TT Coupe 3.2 quattro '03
The Audi TT is a two-door compact sports car manufactured by Audi Hungaria Motor Kft. in Győr, Hungary, since 1998, for the German automaker and Volkswagen Group subsidiary AUDI AG.
The Audi TT is now in its second generation — and both generations have been available in two car body styles; as a 2+2 Coupé (TT-C), or two-seater Roadster (TT-R). They have been built on consecutive generations of the Volkswagen Group A platform, starting with the A4 (PQ34). As a result of this platform-sharing, the Audi TT has identical suspension layouts as its related platform-mates; this includes a front-mounted transversely orientated engine, front-wheel drive or quattro permanent four-wheel drive system, and fully independent front suspension using MacPherson struts.
The styling of the Audi TT began in the spring of 1994 at the Volkswagen Group Design Center in California. The TT was first shown as a concept car at the 1995 Frankfurt Motor Show. The design is credited to J Mays and Freeman Thomas, with Hartmut Warkuss, Peter Schreyer, Martin Smith and Romulus Rost contributing to the award-winning interior design.
A previously unused laser beam welding adaptation, which enabled seamless design features on the first-generation TT, delayed its introduction. Audi did not initially offer any type of automatic transmission option for the TT. However, from 2003, a dual clutch six-speed Direct-Shift Gearbox (DSG) became available, with the United Kingdom TT variants becoming the world's first user of a dual clutch transmission configured for a right-hand drive vehicle, although the outright world first for a road car equipped with a dual clutch transmission was claimed earlier by a Volkswagen Group platform-mate, the left hand drive Volkswagen Golf Mk4 R32.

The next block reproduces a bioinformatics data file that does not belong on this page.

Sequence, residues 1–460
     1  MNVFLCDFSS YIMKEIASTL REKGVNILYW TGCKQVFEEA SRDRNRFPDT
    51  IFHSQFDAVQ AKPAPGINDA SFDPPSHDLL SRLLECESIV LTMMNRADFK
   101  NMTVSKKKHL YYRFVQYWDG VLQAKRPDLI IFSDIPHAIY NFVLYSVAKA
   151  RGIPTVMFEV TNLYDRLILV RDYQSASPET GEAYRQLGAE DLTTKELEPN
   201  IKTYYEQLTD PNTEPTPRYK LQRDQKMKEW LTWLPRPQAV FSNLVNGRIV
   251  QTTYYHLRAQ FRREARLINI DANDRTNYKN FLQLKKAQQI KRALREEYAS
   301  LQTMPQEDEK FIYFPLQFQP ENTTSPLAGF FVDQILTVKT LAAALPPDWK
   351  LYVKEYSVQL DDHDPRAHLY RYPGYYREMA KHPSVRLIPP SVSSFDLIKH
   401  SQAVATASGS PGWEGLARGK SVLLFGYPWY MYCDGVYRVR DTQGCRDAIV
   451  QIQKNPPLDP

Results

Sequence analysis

The Audi TT takes its name from the successful motor racing tradition of NSU in the British Isle of Man TT (Tourist Trophy) motorcycle race. NSU began competing in the TT in 1911, and later merged into the company now known as Audi.
The Audi TT also follows the NSU 1000TT, 1200TT and TTS cars of the 1960s in taking their names from the race.
The production model (internal designation Typ 8N) was launched as a Coupé (TT-C) in September 1998, followed by a Roadster (TT-R) in August 1999. It is based on the Volkswagen Group A4 (PQ34) platform as used for the Volkswagen Golf Mk4, the original Audi A3, the Škoda Octavia, and others. The styling differed little from the concept, except for slightly reprofiled bumpers, and the addition of a rear quarterlight windows behind the doors. Factory production commenced October 1998.
Early TT models gained press coverage for a series of high-speed accidents in Europe. Reported crashes and related fatalities occurred at speeds in excess of 180 kilometres per hour (110 mph), during abrupt lane changes or sharp turns. Both the Coupé and Roadster models were recalled in late 1999/early 2000, to improve predictability of the car's handling at very high-speeds. Audi's Electronic Stability Programme, and rear spoiler were added, along with suspension modifications. All changes were subsequently incorporated into future series production versions of the car.